Haste (sin 1 of 13): Good things take time, so be patient!
There’s a reason one of the longest living animals in modern history is also one of the slowest in terms of moving around: the Galapagos Tortoise (GT) is recorded to have pushed the boundaries of longevity to over of 160 years in some cases. Compare this to an average of 11 years in the case of the hare, which conventional wisdom affirms is much faster than the GT. In other words, the hare is potentially more than 10 times faster than the GT, but it struggles to achieve 10% of the GT’s potential longevity.
The outstanding (and astounding) evolutionary success of the GT is not a fluke, and should be a powerful lesson to every Internet Marketer that speed (or the lack of it) is not the be all and end all. Otherwise the fastest land animal (the cheetah at over 70 miles/hour), or even the fastest bird (the swift at over 100 miles/hour) should also be the longest lived, or at least the most successful overall. But they are not.
Additionally, evolutionary biology helps us understand the survival trade-offs that have to be made for developing the ability to move fastest, including:
- Reduced body mass; normally not a bad thing , but it may reduce the ability to withstand weather extremes and may also increase vulnerability to predators.
- Reduced capacity to quickly re-configure to adapt to changing circumstances (potentially highly risky).
- Ultra-specialisation to enable just a few faculties / abilities. Not bad, until the landscape changes drastically.
- Total dependence on a narrow range of energy sources and the body’s ability to process them.
Fellow Internet Marketers, this discussion is no dry lesson in biology, but an insight into how our survival can be helped by an understanding of how other species have learned over millions of years of trial and error how to stay alive and safe in the jungle.
In practical internet marketing terms, speed of movement is not normally the problem, but the inability of the marketer and / or their business model to cope with (or even leverage) the rate of movement or change. By most accounts, the people best placed to cope with speed are the so-called gurus, the veterans in the IM jungle (and even they struggle with it sometimes). Other people (newbies and survivors alike) run the risk of making haste into an evolutionary dead end, and becoming seriously out of pocket to boot!
Doesn’t what I’m saying here run counter to what the gurus try to pressure the rest of us into doing, i.e. “invest in this sure thing right now, don’t wait!”, and similar high-pressure sales tactics? And isn’t it necessary to move quickly to exploit market(ing) opportunities? The answers are yes, and yes. Don’t always go by what the gurus tell you; let’s face it, the ultimate objective of any advice given by any animal up the food chain to those lower down is to make it easier for the top animal to find its next dinner, full stop. So some of the advice will try to help the lesser animal survive a bit longer, but that is to ensure tomorrow’s (and next week’s) dinner!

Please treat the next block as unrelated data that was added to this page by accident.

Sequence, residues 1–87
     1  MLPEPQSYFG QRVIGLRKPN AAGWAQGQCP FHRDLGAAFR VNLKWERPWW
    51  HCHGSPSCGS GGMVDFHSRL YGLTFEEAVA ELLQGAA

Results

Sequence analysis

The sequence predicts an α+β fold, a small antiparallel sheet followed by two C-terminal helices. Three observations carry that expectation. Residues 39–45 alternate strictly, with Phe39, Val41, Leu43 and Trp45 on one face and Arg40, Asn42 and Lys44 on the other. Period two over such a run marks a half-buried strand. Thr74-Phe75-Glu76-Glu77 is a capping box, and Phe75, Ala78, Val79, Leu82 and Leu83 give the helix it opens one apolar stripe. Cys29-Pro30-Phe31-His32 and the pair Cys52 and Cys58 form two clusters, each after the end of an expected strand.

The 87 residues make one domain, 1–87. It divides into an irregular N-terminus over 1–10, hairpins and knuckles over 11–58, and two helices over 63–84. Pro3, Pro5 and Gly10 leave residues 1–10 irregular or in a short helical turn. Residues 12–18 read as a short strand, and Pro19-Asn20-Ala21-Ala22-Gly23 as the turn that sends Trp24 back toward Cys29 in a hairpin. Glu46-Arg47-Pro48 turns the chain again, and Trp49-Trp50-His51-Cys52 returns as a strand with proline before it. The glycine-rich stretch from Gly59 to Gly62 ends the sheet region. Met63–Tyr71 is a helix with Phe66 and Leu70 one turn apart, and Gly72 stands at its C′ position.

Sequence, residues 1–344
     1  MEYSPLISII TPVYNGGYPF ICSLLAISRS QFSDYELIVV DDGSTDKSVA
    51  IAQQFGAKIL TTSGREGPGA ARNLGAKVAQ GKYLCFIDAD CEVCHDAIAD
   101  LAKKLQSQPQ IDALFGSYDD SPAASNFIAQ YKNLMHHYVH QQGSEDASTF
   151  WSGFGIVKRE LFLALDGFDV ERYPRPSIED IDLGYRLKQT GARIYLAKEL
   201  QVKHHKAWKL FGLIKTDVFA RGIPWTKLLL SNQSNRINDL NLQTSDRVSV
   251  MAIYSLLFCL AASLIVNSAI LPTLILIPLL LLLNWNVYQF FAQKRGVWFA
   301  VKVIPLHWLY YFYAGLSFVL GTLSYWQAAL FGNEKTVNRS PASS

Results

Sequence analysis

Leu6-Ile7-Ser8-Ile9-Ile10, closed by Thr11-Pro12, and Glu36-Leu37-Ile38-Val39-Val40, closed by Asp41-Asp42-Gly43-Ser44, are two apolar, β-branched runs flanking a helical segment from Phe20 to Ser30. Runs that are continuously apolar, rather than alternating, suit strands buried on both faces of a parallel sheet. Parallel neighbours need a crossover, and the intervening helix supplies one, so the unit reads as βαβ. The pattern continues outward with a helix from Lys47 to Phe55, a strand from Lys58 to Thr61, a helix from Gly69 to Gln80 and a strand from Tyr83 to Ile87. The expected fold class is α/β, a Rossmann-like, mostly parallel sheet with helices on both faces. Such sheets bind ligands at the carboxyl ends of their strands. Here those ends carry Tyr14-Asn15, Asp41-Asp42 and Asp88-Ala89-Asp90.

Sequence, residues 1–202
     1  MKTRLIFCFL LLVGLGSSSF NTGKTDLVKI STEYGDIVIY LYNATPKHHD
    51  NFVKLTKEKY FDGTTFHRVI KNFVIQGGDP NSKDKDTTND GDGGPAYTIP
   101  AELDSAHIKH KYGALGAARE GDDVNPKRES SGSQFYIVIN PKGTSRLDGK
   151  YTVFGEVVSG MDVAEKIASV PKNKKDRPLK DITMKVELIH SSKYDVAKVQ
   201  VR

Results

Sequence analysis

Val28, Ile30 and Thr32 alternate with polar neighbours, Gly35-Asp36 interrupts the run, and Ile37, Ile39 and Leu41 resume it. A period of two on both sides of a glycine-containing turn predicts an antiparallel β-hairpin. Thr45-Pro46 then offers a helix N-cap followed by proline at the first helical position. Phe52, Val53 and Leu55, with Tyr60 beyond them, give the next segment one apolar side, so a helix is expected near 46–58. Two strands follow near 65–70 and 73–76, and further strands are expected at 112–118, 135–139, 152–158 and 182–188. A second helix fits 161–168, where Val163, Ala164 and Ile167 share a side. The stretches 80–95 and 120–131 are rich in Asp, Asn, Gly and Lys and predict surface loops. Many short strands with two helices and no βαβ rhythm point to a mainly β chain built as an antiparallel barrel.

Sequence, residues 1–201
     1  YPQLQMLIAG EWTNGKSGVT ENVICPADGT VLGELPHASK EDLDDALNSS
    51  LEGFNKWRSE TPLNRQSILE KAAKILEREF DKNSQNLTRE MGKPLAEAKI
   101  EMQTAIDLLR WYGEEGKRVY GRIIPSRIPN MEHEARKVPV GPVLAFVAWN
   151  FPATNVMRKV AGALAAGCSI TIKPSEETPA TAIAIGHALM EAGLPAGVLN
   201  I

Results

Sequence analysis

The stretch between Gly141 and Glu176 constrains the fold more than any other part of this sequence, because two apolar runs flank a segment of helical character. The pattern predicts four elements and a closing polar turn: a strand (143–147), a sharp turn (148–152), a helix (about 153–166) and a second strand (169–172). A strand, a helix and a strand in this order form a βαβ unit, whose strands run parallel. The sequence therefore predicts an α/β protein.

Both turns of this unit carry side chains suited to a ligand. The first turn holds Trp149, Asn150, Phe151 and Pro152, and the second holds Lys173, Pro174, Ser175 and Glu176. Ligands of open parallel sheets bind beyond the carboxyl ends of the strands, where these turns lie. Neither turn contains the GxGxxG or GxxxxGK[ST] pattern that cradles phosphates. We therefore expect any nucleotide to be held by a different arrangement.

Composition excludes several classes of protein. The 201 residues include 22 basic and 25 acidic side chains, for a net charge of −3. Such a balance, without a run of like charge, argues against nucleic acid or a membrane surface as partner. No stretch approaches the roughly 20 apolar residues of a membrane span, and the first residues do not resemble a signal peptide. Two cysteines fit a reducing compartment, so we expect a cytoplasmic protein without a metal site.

- If an opportunity is so time-limited that you must dive into without a full evaluation, you are probably not going to be able to make much money from it, unless you already have systems and processes set up precisely to exploit such opportunities and eventualities. By the way, this is why the gurus keep getting rich, while 98% of IM’ers just keep struggling to get by, if at all! The less time you spend properly evaluating a biz op, the more money you are likely to lose (or not make). Of course, you’ve got to take action, but not at the expense of being clear about whether you can (or should) do something and how it fits in with your overall IM strategy.
- Playing the long game is proven to bring long-term success, if done correctly. Whether you’re investing in the stock market, the housing market or the internet (market), it’s best to play it long!
- If you need substantial returns on your investment in less than 1 year, you may want to look elsewhere, as it’s highly unlikely that you’ll find any honest biz op that will make you serious money too quickly. What about those “reports” of effortless earnings in 3 weeks from using a previously unknown loophole? Well, the loophole was always known since prehistory, and has always been exploited by con-artists (aka snake-oil salesmen); it’s the hybrid of greed and ignorance! I won’t be so uncharitable as to call it stupidity; after all, I’ve fallen for it more than once before!
- Something to chew on until next time: “Do not (just) repeat the tactics which have gained you one victory, but let your methods be regulated by the infinite variety of circumstances.” ~~ Adapted from Sun Tzu c. 490 BC, Chinese general and strategist.
Next discussion: Stupidity (sin 2 of 13): While ignorance is bad, it can mostly be cured; on the other hand, chronic stupidity is almost always fatal.
The doctor will see you now…
Dr Fatai Badmus